Christopher E. Harrison, Masquerade II, 2014, Plaster, Collage on Chicken Wire, 11"x14"
Christopher E. Harrison is a Twin Cities artist who is featured in Altered Esthetics’ new exhibition, Turbulent Identities, on view at The Southern Theater from 3/3 - 4/2/2017. All are invited to the Opening Reception on Friday, 3/3, from 5:00-7:00 pm. RSVP on Facebook.
You work in several mediums. Can you tell us more about the materials you use and how you choose them?
The materials I use vary depending on the piece. I try to stick to natural components like tempera paints, plaster, paper, inks, etc. I do this because I want to build sustainable materials into my practice, which then harken back to the organic themes that are prevalent in my work. I do use acrylic paint which is an exception because of its low toxicity and quick drying time.
In addition to making art, you also work as an arts educator. How do these two roles influence each other?
As an educator, providing the community with the service of discovering and appreciating the arts in its many forms is very important to me. Its an intellectual as well as an aesthetic benefit to society that we all as citizens should strive to uphold. I’m always learning from being in the space around great art and processing this information to give to patrons and this in turn informs my practice in the studio.
As of recently, you have described a change in your approach moving from dimensional/figurative art to a more non-objective, biomorphic/organic form of art. The works featured in Turbulent Identities demonstrate your earlier style, can you elaborate on what inspired you with these works? Do these themes show through your current works?
There’s many inspirations inherent in my work, whether it be politically, socially or environmentally based. Although the earlier Masquerade series pieces are figurative as compared to my current work, the thread for me still deals with the ideal of “otherness,” meaning that I create around images that could be seen as outside of the what is considered normal or obvious. As a person of color, this is a concept that I live with on a everyday basis. So whether it’s through my older figurative works or abstract forms I use diverse optics like collage or disparate materials to tell those stories of differences coming together to create new experiences of seeing the world.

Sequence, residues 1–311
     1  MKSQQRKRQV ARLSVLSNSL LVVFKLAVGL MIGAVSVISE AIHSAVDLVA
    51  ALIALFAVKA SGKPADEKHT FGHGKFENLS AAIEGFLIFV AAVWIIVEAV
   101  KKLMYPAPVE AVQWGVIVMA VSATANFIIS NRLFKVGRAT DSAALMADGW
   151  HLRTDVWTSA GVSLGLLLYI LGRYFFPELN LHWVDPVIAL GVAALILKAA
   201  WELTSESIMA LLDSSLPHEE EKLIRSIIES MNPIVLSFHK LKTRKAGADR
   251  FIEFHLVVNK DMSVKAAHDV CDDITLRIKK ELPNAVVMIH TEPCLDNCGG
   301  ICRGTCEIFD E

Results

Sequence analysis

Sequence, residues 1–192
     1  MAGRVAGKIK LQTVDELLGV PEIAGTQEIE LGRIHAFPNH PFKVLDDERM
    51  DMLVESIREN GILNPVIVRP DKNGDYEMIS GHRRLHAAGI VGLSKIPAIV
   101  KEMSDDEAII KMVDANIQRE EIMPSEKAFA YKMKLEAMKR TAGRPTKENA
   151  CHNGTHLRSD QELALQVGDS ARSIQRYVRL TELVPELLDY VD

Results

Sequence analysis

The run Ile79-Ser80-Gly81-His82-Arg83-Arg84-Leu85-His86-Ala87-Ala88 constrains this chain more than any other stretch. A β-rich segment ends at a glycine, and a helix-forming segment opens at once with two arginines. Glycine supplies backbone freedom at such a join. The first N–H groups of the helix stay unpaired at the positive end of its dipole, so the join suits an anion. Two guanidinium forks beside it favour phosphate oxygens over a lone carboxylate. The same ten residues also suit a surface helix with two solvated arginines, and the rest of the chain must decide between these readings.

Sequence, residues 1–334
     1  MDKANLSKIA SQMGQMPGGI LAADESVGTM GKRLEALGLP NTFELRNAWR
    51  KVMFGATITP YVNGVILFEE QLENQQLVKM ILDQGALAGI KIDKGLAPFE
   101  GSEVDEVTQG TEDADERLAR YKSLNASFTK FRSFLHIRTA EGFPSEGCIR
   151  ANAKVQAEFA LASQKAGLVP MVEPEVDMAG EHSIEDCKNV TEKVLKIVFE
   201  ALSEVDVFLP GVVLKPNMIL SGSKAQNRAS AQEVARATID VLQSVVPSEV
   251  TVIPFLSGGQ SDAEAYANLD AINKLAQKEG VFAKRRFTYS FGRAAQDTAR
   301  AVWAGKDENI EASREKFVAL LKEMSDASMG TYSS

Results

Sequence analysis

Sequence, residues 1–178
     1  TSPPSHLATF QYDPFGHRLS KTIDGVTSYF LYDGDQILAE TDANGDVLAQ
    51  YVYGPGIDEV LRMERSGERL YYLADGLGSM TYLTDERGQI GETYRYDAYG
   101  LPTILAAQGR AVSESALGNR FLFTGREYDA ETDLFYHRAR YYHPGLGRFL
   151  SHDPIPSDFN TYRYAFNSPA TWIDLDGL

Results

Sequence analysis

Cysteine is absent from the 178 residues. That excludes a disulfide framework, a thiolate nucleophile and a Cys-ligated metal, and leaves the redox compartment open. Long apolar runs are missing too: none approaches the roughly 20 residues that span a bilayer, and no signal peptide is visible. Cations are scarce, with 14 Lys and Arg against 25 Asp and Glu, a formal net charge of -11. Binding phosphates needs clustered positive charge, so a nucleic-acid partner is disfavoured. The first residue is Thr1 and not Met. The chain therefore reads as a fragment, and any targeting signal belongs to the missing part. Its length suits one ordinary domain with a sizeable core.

Christopher giving a tour at the Walker Art Center. Photo by J. Wren Supak.
Cultural appropriation is the central theme to Turbulent Identities, what is cultural appropriation to you?
I define cultural appropriation as recognizing an aspect(s) of an alternate culture and adapting or absorbing it into the greater, more dominant culture for the greater culture’s own benefit, so much so that the origins of this aspect becomes minimized or forgotten. For Turbulent Identities, I feel that the show’s theme has artists challenge cultural definitions through their work and explore what a true diverse world looks like.
Do you believe it is possible to appreciate a culture without appropriating it? What advice would you give to humans unsure of how they can appreciate a friend, colleague or partner’s culture without appropriating?
I do believe you can show culture appreciation as long as the history and origin of the culture are realized and shared in a respectful manner, even to the point where aspects can be borrowed to create some more interesting. The advice I would give is to always reference the source first. Knowledge is the greatest teacher. Learn what you can from people or information that’s available so you’ll know what is celebratory or taboo. If some cultures hold their identities as more sacred than others, respect that by leaving it alone!
Who are some of your favorite authors, artists or directors that address these complex ideas of identity and cultural exchange?
I enjoy James Baldwin’s writing, in particular Native Son, a great tome for exploring the journey of a Black man’s self discovery. I’m also inspired by Jean Michel Basquiat’s work for it’s in-your-face expressive visual sense of urban urgency that is still potent today. I’m also a fan of artists Joan Miro whimsy, Romare Bearden’s grittiness, and indigenous arts from the Pre-Columbian era, Asia and Africa.
Christopher E. Harrison, Constellation Conception, 2016, Acrylic, tempera on raw canvas, 6' x 6'
Do you have any upcoming exhibitions and/or projects we should know about?
I have a show coming up in July at the Nemeth Art Center in Park Rapids, MN that will showcase my abstract art based on the themes of my creating an imaginary alien race.
Where can we find and follow you online?
My website is http://www.harrisonartstudio.net
Instagram - https://www.instagram.com/charrchr
Twitter - https://twitter.com/@ceh8ball
All images courtesy of the artist.
Interview written by Shivani Vyas, edited by Sarah Kass.